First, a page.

18 cert, TK Games, Xbox (Also PS3, PC) *****
In a surprising development, Borderlands 2 has eschewed the original’s vulgar, brutal and irreverent style for a more thoughtful and sensitive approach. Just kidding! Borderlands 2 is every bit the six-shootin’, laser-tootin’ sci-fi western the original was, only this time it’s even more brash and ambitious.
Following directly from part one, in which the planet Pandora was a lawless frontier choking with opportunists, bandits and more, you play as one of the “vault hunters” – Zero (the assassin), Salvador (gunzerker), Axton (commando) or Maya (siren) – each coming with different abilities and strengths.
The story has been beefed up: There’s the usual treasure-hunting with a dash of revolution, but there’s also an enjoyable deplorable new villain, Handsome Jack, a vain, cheerful and sadistic tyrant. In this open-world, first-person shooter, you can progress through the story and partake in a number of side quests. Everything you do, from a single kill to the most challenging missions, helps you “level up” your abilities to varying degrees.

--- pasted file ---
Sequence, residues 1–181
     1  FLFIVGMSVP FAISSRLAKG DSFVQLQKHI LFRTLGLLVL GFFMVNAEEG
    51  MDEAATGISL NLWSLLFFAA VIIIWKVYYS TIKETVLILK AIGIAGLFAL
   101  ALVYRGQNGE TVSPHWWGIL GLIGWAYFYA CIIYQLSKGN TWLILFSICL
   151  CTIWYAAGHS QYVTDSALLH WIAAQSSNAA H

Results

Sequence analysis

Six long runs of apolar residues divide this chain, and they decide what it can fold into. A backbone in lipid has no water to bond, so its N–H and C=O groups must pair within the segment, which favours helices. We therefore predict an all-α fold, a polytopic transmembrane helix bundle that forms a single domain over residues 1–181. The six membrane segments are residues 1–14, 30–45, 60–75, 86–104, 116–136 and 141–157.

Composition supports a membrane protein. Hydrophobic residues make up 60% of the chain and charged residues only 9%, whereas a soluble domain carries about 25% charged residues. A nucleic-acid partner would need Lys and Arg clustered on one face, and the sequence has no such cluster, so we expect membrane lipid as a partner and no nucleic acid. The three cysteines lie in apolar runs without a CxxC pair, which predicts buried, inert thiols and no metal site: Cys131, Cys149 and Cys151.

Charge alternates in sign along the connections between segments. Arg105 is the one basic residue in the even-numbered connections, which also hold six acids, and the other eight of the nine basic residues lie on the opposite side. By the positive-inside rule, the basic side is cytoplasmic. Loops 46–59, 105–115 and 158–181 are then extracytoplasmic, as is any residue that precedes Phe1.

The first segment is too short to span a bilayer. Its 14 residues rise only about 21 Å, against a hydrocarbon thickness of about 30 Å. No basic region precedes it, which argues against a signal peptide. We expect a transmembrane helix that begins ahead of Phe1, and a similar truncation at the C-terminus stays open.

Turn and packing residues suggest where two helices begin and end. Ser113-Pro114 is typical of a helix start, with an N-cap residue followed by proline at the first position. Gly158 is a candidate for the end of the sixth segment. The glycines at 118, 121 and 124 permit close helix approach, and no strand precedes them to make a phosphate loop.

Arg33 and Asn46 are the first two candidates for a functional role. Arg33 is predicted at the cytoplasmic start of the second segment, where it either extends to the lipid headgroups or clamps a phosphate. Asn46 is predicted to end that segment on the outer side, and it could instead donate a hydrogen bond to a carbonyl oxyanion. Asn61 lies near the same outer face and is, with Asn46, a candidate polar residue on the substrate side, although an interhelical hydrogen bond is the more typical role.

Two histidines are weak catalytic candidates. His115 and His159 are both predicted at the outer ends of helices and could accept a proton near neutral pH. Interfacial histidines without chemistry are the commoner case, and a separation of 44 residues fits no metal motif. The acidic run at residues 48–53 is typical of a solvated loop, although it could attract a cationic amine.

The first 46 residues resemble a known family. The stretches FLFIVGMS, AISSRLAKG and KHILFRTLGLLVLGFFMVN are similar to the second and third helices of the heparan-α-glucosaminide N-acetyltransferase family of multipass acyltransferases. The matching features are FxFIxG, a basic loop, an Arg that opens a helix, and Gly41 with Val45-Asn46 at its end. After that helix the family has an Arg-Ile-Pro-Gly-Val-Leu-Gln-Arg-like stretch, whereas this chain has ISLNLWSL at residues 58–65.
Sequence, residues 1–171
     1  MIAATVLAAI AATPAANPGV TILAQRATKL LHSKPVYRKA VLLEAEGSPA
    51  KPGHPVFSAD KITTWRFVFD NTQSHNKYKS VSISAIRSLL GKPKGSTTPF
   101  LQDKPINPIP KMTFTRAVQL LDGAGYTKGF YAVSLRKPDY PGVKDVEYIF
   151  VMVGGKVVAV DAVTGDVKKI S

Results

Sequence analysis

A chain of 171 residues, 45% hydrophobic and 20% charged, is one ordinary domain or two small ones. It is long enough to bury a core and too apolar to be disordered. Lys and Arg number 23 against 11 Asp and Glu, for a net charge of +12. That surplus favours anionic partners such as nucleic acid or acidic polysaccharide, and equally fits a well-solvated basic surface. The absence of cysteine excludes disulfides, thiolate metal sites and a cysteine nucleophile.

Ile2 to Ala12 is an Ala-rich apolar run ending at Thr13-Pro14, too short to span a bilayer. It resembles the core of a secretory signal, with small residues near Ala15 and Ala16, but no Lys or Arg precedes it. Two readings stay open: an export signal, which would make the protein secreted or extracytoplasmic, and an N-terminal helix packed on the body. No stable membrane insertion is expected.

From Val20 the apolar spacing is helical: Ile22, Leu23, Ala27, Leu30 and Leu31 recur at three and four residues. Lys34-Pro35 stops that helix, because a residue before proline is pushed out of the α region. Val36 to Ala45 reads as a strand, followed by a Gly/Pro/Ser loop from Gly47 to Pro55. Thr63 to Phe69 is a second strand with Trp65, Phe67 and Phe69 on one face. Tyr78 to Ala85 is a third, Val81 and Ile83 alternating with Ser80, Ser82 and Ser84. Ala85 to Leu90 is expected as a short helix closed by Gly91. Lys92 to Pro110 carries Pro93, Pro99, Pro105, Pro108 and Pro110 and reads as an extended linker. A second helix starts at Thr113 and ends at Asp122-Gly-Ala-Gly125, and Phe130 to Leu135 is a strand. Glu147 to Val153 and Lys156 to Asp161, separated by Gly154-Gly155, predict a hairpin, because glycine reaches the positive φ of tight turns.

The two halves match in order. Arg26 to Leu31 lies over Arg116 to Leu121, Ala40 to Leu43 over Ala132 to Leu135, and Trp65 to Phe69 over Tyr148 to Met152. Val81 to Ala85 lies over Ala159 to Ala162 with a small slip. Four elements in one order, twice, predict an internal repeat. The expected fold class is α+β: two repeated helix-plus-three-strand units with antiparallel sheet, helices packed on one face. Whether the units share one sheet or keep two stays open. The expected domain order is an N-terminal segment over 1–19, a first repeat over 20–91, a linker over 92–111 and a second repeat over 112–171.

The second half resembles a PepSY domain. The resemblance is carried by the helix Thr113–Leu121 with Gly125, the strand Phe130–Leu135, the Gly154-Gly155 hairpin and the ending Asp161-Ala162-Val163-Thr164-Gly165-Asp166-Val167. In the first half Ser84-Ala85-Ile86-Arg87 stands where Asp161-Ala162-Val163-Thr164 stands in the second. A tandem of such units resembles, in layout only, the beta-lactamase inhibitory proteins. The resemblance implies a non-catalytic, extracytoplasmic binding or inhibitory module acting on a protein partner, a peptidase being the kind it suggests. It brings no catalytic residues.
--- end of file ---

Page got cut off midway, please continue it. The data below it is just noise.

Planet Pandora feels bigger now, with more varied architecture, locations, villains, heroes, flora, fauna, weapons and weather.
The game’s few faults are a direct result of its ambition. It’s nice that it’s more vast than Borderlands 1, and the running time is far greater. But, perhaps because of its size, its much more unforgiving: It takes longer to get going; commutes between missions are longer, making levelling up trickier (and the game more difficult overall).
Still, Borderlands 2 offers an unlikely and satisfying mix of role-playing detail (power- ups and menus are dizzying at first) and smooth, exciting combat. It excels at both. The game also has personality to spare, with handsome comic-style graphics, an abundance of colourful characters and plenty of laughs (cheap and otherwise).